This is part one of a series examining the changes experienced once an athlete finishes their time competing within their designated sport. This end could be due to graduating, deciding to move on, no further opportunities, and/or injury. There are many reasons why someone may no longer be competing, but there are often few resources for the athlete to manage the transition. So, this series endeavors to shed light on these changes.

         As summer begins and schooling comes to a close, sports are often wrapping up for the year or, for some, this marks a permanent end to their athletic careers. This time can be filled with a mix of emotions ranging from joy to grief to confusion, and everything in between. No matter how long someone has been involved in their sport, the completion of it marks some shift in identity.

         So often, especially for athletes competing at a high level, sport becomes a major, defining characteristic of their identity. This is an idea that’s also promoted in everyday conversation, as when introducing themselves the athlete will usually say something along the lines of, “I’m Sally, the soccer player.” They come to be known by this title to others in their life and community, but also themselves. Especially because so much time is spent dedicated to their athletic endeavor, often the person won’t have even been able to explore and establish other parts of themselves. So, when their sport comes to an end, the athlete is met with a gaping absence in themselves that can make them question who they are without this major part of how they defined themselves.

         Ways to process and redefine identity after sport are to first understand the emotions one is feeling due to the ending. As stated previously, these emotions vary widely! There can be grief, because maybe the person didn’t accomplish everything they wanted to, and now their opportunities to do so won’t look the same. There can be confusion; sports generally take up a large amount of time in someone’s life, so knowing how to reallocate that time can feel disconcerting. There can also be joy, which will occasionally be joined with shame for even having this emotion. But sometimes, a person will put so much of themselves into this sport, and they can be glad it’s over—which might make them question how much they loved it, hence the shame. Being able to accept and honor these emotions is a great first step in re-finding oneself after sport.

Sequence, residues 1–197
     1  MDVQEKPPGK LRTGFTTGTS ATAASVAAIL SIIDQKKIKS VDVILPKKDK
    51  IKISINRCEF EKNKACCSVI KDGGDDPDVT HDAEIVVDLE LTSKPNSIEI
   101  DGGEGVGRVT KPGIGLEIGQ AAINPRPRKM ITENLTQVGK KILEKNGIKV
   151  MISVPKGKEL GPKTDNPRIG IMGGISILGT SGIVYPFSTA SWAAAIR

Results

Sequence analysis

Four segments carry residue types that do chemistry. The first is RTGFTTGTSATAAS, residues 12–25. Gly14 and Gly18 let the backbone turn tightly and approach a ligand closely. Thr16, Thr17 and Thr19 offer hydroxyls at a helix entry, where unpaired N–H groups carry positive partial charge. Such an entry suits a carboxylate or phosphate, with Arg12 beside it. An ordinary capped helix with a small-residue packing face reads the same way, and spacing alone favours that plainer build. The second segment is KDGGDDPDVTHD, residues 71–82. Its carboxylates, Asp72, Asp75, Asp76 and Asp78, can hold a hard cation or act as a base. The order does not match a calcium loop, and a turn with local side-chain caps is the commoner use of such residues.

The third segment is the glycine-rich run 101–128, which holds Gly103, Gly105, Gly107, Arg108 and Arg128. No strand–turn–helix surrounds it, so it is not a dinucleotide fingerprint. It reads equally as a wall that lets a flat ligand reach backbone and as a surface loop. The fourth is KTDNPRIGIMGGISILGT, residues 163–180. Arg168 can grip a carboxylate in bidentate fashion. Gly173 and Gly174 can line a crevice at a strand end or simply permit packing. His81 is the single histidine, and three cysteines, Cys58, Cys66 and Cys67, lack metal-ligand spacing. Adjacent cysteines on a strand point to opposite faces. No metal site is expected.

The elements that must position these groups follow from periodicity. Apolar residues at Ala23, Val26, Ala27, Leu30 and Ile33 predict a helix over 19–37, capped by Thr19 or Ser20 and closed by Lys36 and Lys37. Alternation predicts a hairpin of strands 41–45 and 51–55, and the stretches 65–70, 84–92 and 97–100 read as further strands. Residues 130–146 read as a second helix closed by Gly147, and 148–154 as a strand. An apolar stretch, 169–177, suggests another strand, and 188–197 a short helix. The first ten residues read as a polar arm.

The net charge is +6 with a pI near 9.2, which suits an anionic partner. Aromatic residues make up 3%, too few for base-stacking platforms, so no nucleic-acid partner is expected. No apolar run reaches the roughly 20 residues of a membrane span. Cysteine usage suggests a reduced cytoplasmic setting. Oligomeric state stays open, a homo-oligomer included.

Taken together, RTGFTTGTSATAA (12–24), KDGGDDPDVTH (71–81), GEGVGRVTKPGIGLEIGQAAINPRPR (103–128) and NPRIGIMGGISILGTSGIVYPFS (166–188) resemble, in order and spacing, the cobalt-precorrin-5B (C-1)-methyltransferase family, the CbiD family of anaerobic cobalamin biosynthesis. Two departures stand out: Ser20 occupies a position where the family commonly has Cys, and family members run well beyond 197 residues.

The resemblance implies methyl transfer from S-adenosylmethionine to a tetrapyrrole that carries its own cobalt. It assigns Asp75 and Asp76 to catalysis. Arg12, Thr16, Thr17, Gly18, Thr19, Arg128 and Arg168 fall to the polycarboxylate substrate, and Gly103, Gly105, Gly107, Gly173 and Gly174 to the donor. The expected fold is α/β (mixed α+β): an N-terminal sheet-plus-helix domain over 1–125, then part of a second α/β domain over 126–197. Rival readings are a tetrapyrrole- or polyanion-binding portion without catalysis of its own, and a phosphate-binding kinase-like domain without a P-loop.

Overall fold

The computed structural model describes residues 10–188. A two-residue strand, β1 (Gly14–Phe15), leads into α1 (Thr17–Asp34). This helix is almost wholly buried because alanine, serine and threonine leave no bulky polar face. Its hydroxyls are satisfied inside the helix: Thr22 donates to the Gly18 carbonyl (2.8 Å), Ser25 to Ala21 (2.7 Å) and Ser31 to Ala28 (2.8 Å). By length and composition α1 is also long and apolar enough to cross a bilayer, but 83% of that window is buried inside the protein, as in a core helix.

From here, another important step is paying respect to the journey experienced within that sport. No matter how long or short, the individual has dedicated time, effort, and attention to their athletics, so appreciating their own unique experience can be healing in the conclusion. As well as honoring the journey, this also combines with reckoning with goals accomplished or left unfulfilled. Not everyone is able to accomplish everything they set their mind to in sport, and it can be hard to accept when that happens. So, reminding oneself that life can offer so many other things to chase and succeed within can be helpful.

         Finally, in establishing a new identity outside of sport, the person should take time to be curious about their own desires, values, and passions that exist not just in a sporting arena. Perhaps the person has always wanted to draw, but they’ve never had time to explore that as a hobby; that’s a wonderful place to start putting newfound energy into. Something to note is that athletes will often align their worth and value about themselves as being a direct reflection of their achievements or hard work. Separating from this idea and acknowledging that no one needs to do anything or win anything to be loved or valuable is hugely important in finding oneself after sport.

         To all my athletes finding themselves again post-sport, I see you and I understand you. Take all the time you need to move on and find yourself again. Please know that just because this chapter of sports has ended (at least in the way it once looked) does not mean the book of your life has ended. There are so many more chapters to write that can be just as, or more, fulfilling, and awe-inspiring.

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